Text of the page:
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The Srixon ZX7 Mk II driver offers golfers a more traditional look at address but at the cost of forgiveness. More adjustability than Srixon’s other drivers, but additional weights must be purchased to make the best use of it.
For 2023, Srixon has expanded their driver line up from two models to three. However, by introducing a new model, they may have pushed an old one into obsolescence. With the launch of the ZX5 LS MK II driver, the ZX7 Mk II is no longer the lowest spinning, but it remains the least forgiving. Is such a driver worth playing? Let’s discuss.
The Srixon ZX7 Mk II driver ditches almost all the red that adorned that original ZX7 driver [review HERE]. With the exception of the red “Rebound Frame” on the sole, this club is entirely black, white, and silver. Whether this look is timeless or boring is in the eye of the beholder. Prominent “Srixon” and “ZX7” branding dominate the sole, making the two removable weights a visual afterthought.
At address, the ZX7 Mk II is a big departure from the original ZX7. The gloss black and carbon fiber fade have been replaced by a crown that’s matte black. Only a small alignment aid and faint graphics at the trailing edge break the monotony. The ZX7 Mk II has a footprint that’s smaller front-to-back than either ZX5 Mk II driver, and the shape is almost perfectly symmetrical and round.
Sound & Feel
The Srixon ZX7 Mk II didn’t just change its look – it also got a sonic makeover. Where the original ZX7 driver was above average in the volume, the Mk II is average at most. The sound has also been dialed down from an aggressive “crack” to a more pleasant “pop.”
As you would expect from a more traditionally-shaped driver, the feedback it provides is strong. Centered hits feel very solid, but mishits feel hollow. You don’t need to being paying strict attention to locate impact with precision.
Starting with the positives, the Srixon ZX7 Mk II driver is billed as the most workable driver in the line. To that end, it also features the only dual-weight system in Srixon’s driver family. Both sole weights are located toward the rear of the head, one nearer the toe, one nearer the heel. Weights are available in even numbers ranging from 2 to 14 grams, and can be changed with the same torque wrench that adjusts the hosel.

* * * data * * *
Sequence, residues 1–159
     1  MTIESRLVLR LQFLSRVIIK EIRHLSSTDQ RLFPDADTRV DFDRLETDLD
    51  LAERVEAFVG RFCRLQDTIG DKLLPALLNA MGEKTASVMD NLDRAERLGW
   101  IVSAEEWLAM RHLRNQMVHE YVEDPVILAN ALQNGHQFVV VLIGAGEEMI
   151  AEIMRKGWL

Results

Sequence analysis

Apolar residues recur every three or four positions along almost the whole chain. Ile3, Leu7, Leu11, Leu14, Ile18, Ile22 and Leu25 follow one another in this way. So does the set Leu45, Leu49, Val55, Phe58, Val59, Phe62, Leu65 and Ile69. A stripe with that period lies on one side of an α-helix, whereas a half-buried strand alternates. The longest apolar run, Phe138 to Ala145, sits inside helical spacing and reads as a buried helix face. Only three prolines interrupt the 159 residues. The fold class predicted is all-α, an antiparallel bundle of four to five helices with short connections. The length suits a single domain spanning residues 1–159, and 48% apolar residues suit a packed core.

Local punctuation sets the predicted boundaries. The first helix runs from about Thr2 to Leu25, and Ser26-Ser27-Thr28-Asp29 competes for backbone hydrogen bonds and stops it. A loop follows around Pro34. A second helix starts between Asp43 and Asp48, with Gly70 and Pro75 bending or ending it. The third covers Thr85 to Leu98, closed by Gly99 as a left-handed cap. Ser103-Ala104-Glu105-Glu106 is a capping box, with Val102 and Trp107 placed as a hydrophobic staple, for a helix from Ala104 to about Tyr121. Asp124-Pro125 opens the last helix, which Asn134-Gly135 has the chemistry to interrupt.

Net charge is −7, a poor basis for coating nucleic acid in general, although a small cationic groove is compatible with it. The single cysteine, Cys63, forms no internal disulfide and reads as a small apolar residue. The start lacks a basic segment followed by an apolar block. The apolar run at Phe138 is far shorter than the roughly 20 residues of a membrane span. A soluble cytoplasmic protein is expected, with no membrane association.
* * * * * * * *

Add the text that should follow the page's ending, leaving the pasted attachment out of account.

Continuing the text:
The ZX7 Mk II comes stock with one 4 gram weight and one 8 gram weight. Per Srixon, swapping them can adjust your shot shape by “5-6 yards.” They also state that with heavier aftermarket weights, you can adjust your flight by “as much as 20 yards.” I did not have access to the aftermarket weights, but I would agree that swapping the stock weights creates a small but noticeable change in ball flight.
In addition to the weights, you can influence the ball flight with the adjustable hosel. The problem for the Srixon ZX7 Mk II driver is that the other drivers in this family have that, too. Being able to change the face angle and lie angle has a greater impact on ball flight than the stock weights, so it calls into question how unique or advantageous the ZX7 Mk II is, given the lack of forgiveness.
The ZX7 Mk II driver does have the same technology – Rebound Frame, Dual Flex Zone, and Star Frame Crown – as the other two new ZX drivers, but the forgiveness is not as impressive. Per Srixon, the ZX5 Mk II driver [review HERE] is the most forgiving while the ZX7 Mk II has its forgiveness labeled “Mid.” When an OEM labels the forgiveness “Mid,” you know it’s not going to be easy to hit.
Now before all the internet golfers run to the comments to go off about how they have no problem hitting the Srixon ZX7 Mk II driver, let me be excruciatingly clear: this is a modern driver, and it’s far from impossible to hit. Small misses will still have good ball speed. However, in comparison to the ZX5 Mk II or other drivers that make use of more advantageous shapes, it is lacking.
There’s a good reason that – to the best of my knowledge – none of Srixon’s Tour players use the ZX7 Mk II. If you need low spin, you can get it from the ZX5 LS Mk II [review HERE] without giving up as much forgiveness. For players that want maximum forgiveness, there’s the ZX5 Mk II. That leaves a very small niche for the ZX7 Mk II: players who put a premium on the smaller footprint and are willing to sacrifice forgiveness for lower launch and another adjustable weight.
So is the Srixon ZX7 Mk II driver obsolete? Not entirely, but it has become a niche offering. If low spin is your priority, the ZX5 LS Mk II is the best choice. If it’s forgiveness, go for the standard ZX5 Mk II. That leaves the ZX7 Mk II for players who either fit perfectly into its combination of lower launch and low-mid spin or those who really want the more traditional shape at address.
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Srixon ZX7 Mk II Driver Price & Specs